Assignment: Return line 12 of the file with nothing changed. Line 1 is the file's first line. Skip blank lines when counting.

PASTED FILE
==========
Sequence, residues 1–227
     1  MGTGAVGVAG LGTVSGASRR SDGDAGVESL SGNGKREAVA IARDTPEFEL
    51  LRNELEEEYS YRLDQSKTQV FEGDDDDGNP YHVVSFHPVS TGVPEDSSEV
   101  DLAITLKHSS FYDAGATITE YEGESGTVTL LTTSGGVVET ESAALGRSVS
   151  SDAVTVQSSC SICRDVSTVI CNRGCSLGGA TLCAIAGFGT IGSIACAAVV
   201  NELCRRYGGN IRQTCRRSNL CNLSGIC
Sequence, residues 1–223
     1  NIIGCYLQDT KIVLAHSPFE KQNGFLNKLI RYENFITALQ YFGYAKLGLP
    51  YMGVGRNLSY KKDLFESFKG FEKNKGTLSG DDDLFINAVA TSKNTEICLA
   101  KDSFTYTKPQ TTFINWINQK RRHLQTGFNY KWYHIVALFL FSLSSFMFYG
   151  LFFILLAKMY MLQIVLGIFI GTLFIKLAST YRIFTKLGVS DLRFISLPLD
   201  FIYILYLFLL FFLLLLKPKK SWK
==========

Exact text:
   201  FIYILYLFLL FFLLLLKPKK SWK